“Six-six-six – Heritage Close. This is the place.” The post-war bungalow was guarded by an overgrown caragana hedge and a wrought-iron gate. Some twisted mugo pines were taking over the narrow, cobble-stone sidewalk. I approached the cracked front steps with the apprehension of an eight year old kid returning late from recess at school.
“Ding-dong.” The doorbell was recessed in the stucco and inconspicuously mounted to the left of the door frame. A middle-aged man, stout and balding, shuffled to the front door. I attempted to introduce myself.
“Hello. I’m here to…” That’s as far as I got.
“Come around the back.” He shut the door in my face and motioned for me to walk around the house. A little odd I thought, but maybe par for the course. I tried to reassure myself that only an eccentric would have an antique model car collection fifty years old. I walked around the back to find the door ajar. The gentleman was waiting for me.
“Thank you for your patience sir. It’s just that my wife is a bit wary of strangers coming through the front door.”
“Not to worry, my friend. I’m Kevin. I saw your ad on-line for the model collection. I would like to see your ’55 Chevy if you still have it.”
“But of course sir. Step this way, won’t you?” I took my shoes off while he used a key to lock the deadbolt, from the inside.
“Uh, is this a bad neighborhood?”
“Let’s just say that I’m protective of my home. My wife won’t sleep unless that door is locked.”
“So, about that Chevy. Is it in the original box?”
“See for yourself sir. This way please.” He led me down a narrow staircase to the basement. It smelled of mildew and mothballs, and a network of spider webs adorned the joists above our heads. In the corner was a broken ping-pong table that doubled as a display for his wares. A lonely sixty watt light bulb did little to illuminate his collection, but what a fine collection it was. An assortment of thirty classic car models, many in their original boxes, were stacked neatly around the perimeter of the table.
“As you can see, the ’55 is in excellent shape. This model was a prototype of the B series bodies, and a precursor to the muscle cars of the early 60’s.” He was well versed on his product.
“Very impressive Mister…I’m sorry – I never got your name.”
His blank stare wasn’t the introduction I was expecting. “Don’t be sorry. I never gave it. Pierre Mortis.” His handshake was firm but colder than his stare. His beady, bloodshot eyes probed every wrinkle on my face. A shiver tickled the base of my spine, but it wasn’t because of the chill in the basement. I picked up the ’55 Chevy to examine the box.
“Please sir. Do not squeeze the box. I take pride in knowing that this model doesn’t have a blemish on it.” His condescending speech and plastic smile were wearing thin.
“You’ve got a great collection here but the prices you are asking are more than I was hoping to spend. I want to thank you for your time though. I’ll be on my way.”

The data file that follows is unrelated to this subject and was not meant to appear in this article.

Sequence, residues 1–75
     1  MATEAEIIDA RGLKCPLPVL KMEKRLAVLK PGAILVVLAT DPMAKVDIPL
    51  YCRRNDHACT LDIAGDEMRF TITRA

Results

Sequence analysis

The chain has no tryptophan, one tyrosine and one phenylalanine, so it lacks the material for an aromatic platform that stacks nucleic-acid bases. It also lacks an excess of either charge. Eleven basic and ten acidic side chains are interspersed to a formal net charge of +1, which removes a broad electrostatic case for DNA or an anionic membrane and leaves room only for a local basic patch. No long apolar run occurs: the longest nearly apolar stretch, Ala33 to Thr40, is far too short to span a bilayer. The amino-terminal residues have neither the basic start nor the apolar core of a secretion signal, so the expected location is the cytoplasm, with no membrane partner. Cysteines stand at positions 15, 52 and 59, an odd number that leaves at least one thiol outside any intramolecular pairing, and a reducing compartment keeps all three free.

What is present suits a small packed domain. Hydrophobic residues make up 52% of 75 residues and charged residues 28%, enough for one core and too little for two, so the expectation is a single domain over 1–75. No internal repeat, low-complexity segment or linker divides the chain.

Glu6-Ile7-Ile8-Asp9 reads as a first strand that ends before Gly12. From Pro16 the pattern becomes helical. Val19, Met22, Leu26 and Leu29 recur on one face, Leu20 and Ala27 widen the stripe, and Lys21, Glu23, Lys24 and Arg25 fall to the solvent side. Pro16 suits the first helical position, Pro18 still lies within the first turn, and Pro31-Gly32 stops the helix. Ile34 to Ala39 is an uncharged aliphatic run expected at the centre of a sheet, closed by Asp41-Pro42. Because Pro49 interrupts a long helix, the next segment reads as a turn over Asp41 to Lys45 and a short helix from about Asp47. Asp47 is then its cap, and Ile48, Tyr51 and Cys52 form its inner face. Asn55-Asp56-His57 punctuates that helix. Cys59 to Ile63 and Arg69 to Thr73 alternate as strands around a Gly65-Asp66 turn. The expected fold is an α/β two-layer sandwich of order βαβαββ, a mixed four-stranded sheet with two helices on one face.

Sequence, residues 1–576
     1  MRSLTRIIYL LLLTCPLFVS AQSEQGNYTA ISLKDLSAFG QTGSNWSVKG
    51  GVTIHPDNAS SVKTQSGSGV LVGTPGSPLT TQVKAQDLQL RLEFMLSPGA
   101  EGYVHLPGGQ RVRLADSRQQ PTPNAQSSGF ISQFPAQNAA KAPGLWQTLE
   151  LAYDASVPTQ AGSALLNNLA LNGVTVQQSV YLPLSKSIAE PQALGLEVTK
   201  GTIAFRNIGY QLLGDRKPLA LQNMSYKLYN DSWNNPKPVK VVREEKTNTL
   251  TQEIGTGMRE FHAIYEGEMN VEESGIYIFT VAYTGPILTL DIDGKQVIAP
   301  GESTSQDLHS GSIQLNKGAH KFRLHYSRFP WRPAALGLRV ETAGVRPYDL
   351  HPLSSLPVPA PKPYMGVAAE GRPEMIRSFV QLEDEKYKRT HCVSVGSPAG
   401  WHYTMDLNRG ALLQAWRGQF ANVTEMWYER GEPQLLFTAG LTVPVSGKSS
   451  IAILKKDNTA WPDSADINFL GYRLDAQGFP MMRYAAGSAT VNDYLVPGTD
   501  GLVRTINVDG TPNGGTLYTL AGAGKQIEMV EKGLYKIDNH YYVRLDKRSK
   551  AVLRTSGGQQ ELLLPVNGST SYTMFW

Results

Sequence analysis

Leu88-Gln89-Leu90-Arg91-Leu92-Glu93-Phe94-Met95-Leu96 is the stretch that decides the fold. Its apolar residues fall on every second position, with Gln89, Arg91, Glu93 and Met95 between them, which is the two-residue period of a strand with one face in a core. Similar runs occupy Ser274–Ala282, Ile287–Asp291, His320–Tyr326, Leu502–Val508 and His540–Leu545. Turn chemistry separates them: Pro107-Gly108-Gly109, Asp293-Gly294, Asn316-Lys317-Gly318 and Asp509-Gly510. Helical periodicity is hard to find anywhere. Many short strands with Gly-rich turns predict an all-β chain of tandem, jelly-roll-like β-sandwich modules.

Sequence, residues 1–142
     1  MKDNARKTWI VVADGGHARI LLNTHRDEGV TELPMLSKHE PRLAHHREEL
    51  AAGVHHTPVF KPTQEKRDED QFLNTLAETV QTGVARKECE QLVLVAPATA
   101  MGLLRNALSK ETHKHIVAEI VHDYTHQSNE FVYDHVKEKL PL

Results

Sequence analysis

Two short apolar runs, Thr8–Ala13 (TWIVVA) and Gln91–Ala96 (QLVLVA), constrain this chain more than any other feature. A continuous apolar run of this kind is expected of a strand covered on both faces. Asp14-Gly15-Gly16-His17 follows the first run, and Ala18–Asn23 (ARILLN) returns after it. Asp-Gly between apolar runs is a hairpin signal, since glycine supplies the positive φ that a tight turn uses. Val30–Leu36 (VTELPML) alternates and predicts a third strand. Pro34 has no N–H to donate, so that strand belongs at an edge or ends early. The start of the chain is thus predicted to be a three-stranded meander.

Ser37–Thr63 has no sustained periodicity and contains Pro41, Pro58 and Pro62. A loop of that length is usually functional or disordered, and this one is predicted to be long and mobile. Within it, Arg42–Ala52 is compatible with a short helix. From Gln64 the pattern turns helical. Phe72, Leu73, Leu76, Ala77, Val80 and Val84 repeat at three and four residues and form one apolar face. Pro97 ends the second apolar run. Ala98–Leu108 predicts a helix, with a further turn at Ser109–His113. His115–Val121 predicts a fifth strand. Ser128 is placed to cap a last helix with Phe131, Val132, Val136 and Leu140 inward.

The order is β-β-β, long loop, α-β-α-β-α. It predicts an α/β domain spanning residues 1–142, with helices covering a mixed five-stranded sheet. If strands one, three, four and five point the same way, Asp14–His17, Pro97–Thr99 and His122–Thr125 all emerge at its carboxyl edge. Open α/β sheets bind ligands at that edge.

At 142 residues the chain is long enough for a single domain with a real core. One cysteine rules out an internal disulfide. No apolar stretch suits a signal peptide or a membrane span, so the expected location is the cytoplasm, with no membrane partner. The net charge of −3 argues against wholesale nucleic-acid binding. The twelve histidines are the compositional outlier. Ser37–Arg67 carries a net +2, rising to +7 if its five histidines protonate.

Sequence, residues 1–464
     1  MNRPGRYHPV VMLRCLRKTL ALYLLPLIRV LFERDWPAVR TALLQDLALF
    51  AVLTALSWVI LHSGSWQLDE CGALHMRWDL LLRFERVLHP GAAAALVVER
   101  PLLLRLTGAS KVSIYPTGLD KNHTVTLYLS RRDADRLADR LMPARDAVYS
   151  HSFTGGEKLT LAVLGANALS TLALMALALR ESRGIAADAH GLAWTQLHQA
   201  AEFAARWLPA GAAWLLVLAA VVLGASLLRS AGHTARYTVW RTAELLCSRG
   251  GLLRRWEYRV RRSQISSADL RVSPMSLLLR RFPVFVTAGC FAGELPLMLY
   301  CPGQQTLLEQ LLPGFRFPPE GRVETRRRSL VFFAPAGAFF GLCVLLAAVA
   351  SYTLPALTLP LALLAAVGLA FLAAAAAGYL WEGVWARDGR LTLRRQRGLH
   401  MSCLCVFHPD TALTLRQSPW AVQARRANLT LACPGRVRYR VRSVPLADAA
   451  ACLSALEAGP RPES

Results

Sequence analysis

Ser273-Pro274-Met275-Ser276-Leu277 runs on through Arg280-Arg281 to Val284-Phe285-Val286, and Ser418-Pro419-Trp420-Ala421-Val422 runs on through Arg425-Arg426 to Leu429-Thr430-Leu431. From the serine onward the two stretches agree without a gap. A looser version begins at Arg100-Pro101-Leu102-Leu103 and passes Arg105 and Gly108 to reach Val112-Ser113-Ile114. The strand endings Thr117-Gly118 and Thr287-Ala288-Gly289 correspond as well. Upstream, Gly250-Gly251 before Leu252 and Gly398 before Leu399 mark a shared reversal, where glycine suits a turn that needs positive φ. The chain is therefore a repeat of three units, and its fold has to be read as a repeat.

“I am open to offers on all of them sir. Can I interest you in a cup of tea perhaps?” His stare was focused dead behind me. As much as I was interested in his collection, I was more interested in leaving.
“Sorry – maybe another time. I should be going.” I backed up slowly towards the stairs, taking notice of a strange array of shadows creeping down the wall.
“Very well sir. My wife and I will see you to the door.” I almost ran up the creaky, narrow staircase, only to remember that I was locked in. He followed me up the stairs – slow, heavy, plodding steps. He was short of breath. He unlocked the deadbolt but there wasn’t a doorknob to open the door.
“Excuse me but how do you open the door? Where is the doorknob?”
“Push the door sir – left of centre. My wife and I wish you good health.”
“She is right here.” He tapped his lapel pocket and removed a folded, black and white, glossy photo of a casket next to a headstone. His thin smile complemented the glazed look in his eyes. I punched the door open and stumbled down the front steps. The wrought iron gate squeaked its greeting as another fellow came up the walk and to the front door. Our eyes met for a moment. I looked away.
“Excuse me. Are you a member of the family?”
“Uh, no. Who are you?”
“I’m from the funeral home. They sent me to pick up the casket.”
“For a Mr. Mortis, Pierre Mortis? Funny – we just picked up his wife last month. I guess he couldn’t wait to join her.”
Greg Turlock is a published poet, author, and photographer. He is also a musician and songwriter. Greg’s writing includes A Work of Heart – Woven in the Willows (2016), his first collection of original poems, photographs and short stories and From the Deep End, a column that ran in the Edmonton Journal’s Country Asides from 2002 until 2010. Greg is currently editing his first novel Hightops in the Snow.
A graduate of the Northern Alberta Institute of Technology, Greg lives near Stony Plain, Alberta CANADA.
If you enjoyed ‘Left of Center’ leave a comment and let Greg know.
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